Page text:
Current situation

Hot, dry weather continues to dry out fuels. That makes any fires that do get started likely to spread quickly and be harder to put out. As a result, many ODF districts and forest protective associations are tightening restrictions on activities linked to fire starts. For example, fire danger in the Douglas Forest Protective Association and The Dalles Unit of ODF's Central Oregon District is now rated as extreme. Check ODF's fire restrictions and closures web page for the latest details at

Wednesday, July 16, 2014

White River Fire nears containment

July 16, 2014       7:30 a.m.

Contact: Brian Ballou, public information officer, (541) 621-4156
Despite withering heat, fire crews working to extinguish the 652-acre White River Fire significantly expanded their mop-up operation, bringing the containment level to 80 percent today. Full containment is expected by the end of the week.
The cause of the fire, which started July 12, is being investigated.
Resources assigned to the White River Fire suppression effort include:
·         458 personnel
·         Two Type II (medium) helicopters
·         Two Type III (light) helicopters
·         Ten engines
·         Two bulldozers
·         One water tender

Costs so far have reached $1.5 million.

Some resources, mostly personnel, will be released from the White River Fire today. It is likely that firefighters and equipment will get reassigned to other fires burning in the region.

Firefighters today will be working under Red Flag Warning conditions: 100-degree heat, humidity below 20 percent and stronger winds. This will raise the likelihood of increased fire activity deep inside the fire line where there are scattered unburned fuels and numerous hot spots. Hose lines and portable water ponds have been set up to stretch mop-up capabilities deep into the White River Canyon.

Night shift firefighters have been using hand-held infrared devices to detect buried pockets of heat.

The White River Fire is on land protected by the Oregon Dept. of Forestry’s Central Oregon District. Much of the land is wilderness inside the White River Wild and Scenic Area, under the administration of the Bureau of Land Management. The Oregon Dept. of Fish and Wildlife administers other lands inside the fire area for wildlife conservation purposes.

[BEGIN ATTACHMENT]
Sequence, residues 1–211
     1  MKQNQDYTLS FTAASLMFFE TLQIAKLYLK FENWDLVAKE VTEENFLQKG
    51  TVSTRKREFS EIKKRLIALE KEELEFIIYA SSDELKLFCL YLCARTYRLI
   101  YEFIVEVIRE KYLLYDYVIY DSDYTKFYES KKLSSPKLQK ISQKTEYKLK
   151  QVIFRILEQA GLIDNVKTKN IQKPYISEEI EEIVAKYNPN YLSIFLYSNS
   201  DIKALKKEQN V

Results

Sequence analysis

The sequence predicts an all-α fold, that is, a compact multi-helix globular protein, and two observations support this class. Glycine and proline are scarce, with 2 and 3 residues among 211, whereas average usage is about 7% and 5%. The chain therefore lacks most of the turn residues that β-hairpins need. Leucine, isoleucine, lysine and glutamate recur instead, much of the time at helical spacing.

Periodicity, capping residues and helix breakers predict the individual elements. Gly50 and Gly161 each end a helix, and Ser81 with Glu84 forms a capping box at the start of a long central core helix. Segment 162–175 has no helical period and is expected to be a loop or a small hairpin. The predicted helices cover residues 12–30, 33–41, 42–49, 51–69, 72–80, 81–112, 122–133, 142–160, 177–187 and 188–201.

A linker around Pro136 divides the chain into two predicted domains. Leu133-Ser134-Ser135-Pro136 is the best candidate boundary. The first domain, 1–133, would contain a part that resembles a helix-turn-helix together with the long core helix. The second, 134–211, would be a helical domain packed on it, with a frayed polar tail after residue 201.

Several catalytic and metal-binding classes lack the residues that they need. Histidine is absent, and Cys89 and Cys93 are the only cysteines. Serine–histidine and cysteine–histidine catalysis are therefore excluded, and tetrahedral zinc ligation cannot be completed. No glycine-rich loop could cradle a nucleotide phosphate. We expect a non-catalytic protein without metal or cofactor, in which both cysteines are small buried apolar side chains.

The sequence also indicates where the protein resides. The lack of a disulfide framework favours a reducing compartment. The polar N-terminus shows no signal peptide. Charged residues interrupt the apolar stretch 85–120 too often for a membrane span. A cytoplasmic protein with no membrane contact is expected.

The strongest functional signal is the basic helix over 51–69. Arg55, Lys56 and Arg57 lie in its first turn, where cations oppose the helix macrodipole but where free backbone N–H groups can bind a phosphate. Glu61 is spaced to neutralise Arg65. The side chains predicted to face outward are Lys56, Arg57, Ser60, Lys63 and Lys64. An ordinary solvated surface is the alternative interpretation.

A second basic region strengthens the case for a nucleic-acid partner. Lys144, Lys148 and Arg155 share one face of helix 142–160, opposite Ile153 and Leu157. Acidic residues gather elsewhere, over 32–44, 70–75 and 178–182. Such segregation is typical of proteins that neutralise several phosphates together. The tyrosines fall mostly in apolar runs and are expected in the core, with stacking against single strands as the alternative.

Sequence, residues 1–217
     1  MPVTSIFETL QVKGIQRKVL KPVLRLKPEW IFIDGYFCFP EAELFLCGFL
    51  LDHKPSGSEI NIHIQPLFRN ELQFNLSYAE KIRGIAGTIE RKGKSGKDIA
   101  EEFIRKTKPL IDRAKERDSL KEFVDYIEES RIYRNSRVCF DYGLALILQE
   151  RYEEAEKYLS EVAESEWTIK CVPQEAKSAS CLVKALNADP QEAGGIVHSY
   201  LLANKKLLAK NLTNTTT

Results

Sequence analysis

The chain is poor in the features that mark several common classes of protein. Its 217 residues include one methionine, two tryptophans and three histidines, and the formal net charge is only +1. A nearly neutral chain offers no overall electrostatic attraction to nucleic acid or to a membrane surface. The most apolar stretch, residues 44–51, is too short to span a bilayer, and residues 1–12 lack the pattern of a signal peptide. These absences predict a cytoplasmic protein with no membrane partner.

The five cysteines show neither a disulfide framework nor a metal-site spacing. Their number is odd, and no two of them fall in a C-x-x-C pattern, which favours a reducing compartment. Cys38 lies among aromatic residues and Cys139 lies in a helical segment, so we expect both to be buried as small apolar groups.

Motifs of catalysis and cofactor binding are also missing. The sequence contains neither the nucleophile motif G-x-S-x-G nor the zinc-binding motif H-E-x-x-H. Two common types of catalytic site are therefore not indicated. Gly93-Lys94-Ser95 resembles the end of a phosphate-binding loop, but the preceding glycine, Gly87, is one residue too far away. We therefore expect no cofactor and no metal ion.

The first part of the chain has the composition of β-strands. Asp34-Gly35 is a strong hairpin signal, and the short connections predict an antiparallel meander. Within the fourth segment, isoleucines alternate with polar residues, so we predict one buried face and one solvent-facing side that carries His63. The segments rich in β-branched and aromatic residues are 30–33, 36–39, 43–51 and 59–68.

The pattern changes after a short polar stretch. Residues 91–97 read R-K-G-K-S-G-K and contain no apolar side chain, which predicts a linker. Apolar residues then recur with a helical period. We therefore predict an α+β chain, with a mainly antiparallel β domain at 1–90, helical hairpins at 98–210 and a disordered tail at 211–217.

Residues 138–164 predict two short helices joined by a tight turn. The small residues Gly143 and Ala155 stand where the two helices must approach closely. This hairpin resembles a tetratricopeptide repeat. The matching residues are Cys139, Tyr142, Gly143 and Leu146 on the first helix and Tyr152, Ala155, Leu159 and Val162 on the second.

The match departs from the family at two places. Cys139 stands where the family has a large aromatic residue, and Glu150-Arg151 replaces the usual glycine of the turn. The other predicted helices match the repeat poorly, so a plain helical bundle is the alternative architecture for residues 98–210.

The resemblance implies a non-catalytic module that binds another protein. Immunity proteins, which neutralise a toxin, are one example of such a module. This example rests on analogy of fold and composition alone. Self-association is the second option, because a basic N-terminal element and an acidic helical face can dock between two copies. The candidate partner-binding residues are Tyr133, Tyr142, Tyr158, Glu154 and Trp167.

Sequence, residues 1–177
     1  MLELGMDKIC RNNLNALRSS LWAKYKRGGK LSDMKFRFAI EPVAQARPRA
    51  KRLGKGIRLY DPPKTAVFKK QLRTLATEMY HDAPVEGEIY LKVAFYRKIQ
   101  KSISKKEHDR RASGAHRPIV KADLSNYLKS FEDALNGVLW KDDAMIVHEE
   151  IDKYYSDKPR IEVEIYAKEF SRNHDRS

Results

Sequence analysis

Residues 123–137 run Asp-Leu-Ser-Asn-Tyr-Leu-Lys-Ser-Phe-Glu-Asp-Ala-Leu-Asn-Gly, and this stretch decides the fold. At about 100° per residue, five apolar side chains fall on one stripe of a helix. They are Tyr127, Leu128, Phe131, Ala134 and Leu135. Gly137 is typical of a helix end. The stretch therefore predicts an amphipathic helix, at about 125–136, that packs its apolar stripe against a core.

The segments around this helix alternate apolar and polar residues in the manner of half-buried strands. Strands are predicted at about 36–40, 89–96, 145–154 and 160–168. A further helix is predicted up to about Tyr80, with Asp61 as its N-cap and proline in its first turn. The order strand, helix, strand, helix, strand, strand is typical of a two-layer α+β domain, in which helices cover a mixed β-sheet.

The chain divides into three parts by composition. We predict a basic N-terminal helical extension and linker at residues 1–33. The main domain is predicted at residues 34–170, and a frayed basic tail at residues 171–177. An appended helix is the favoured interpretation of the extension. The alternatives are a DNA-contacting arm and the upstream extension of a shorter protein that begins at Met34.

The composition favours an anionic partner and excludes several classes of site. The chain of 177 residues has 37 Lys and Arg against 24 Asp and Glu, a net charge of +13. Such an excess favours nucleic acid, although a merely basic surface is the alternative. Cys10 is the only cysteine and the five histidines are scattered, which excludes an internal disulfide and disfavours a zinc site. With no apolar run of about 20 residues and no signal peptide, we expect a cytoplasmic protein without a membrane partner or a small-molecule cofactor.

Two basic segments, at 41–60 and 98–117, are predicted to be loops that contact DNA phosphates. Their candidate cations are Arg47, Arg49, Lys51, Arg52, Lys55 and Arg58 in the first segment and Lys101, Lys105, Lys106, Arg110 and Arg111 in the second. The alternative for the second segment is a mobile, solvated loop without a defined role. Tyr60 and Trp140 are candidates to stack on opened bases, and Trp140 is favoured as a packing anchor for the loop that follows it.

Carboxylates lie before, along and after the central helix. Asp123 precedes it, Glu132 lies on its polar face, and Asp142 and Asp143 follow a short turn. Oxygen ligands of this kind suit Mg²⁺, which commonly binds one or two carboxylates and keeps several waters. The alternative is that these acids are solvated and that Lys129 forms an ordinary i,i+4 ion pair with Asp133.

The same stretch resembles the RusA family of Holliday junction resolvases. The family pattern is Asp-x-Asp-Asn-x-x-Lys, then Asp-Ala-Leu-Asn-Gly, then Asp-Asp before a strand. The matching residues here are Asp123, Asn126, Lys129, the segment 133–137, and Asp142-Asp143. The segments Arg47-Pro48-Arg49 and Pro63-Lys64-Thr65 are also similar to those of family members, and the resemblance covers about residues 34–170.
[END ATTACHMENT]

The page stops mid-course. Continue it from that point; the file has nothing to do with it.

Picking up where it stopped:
Fire suppression operations are run by the Oregon Dept. of Forestry Incident Management Team 1 led by Incident Commander John Buckman. Crews and support personnel from across the state have been running the fire suppression operation out of an incident command post at Wasco County Fairgrounds in Tygh Valley.


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The purpose of this blog is to provide breaking news about wildfire activity on the forestlands protected by the Oregon Department of Forestry. We invite you to post questions or comments you have about current wildfires. Please keep your posts civil and free of profanity. You are also welcome to contact us by email at:

Current wildfire info

National weather forecasters are predicting the summer of 2018 will see above average temperatures and below average rainfall. Drought has already been declared in a number of counties in eastern and southern Oregon, with northwest Oregon also unusually dry for June. These conditions set the stage for potentially large, fast-moving wildfires.

What we do

Protection jurisdiction
The Oregon Dept. of Forestry protects 16 million acres of private and public forestlands from wildfire. This includes all private forestlands in Oregon as well as state and local government-owned forests, along with 2.8 million acres of federal Bureau of Land Management lands in the western part of the state. In total there are about 30.4 million acres of forest in Oregon.

Fire suppression policy
The department fights fire aggressively, seeking to put out most fires at 10 acres or smaller. This approach minimizes damage to the timber resource and fish and wildlife habitat, and protects lives and property. It also saves money. While suppressing large fires can cost millions of dollars, economic and environmental damage from wildfires can be many times greater.


About Me

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Oregon Dept. of Forestry's public information officers in Salem, Ore., maintain this blog. During the wildfire season, we spend much of our time reporting on fires and firefighting to news media and the public.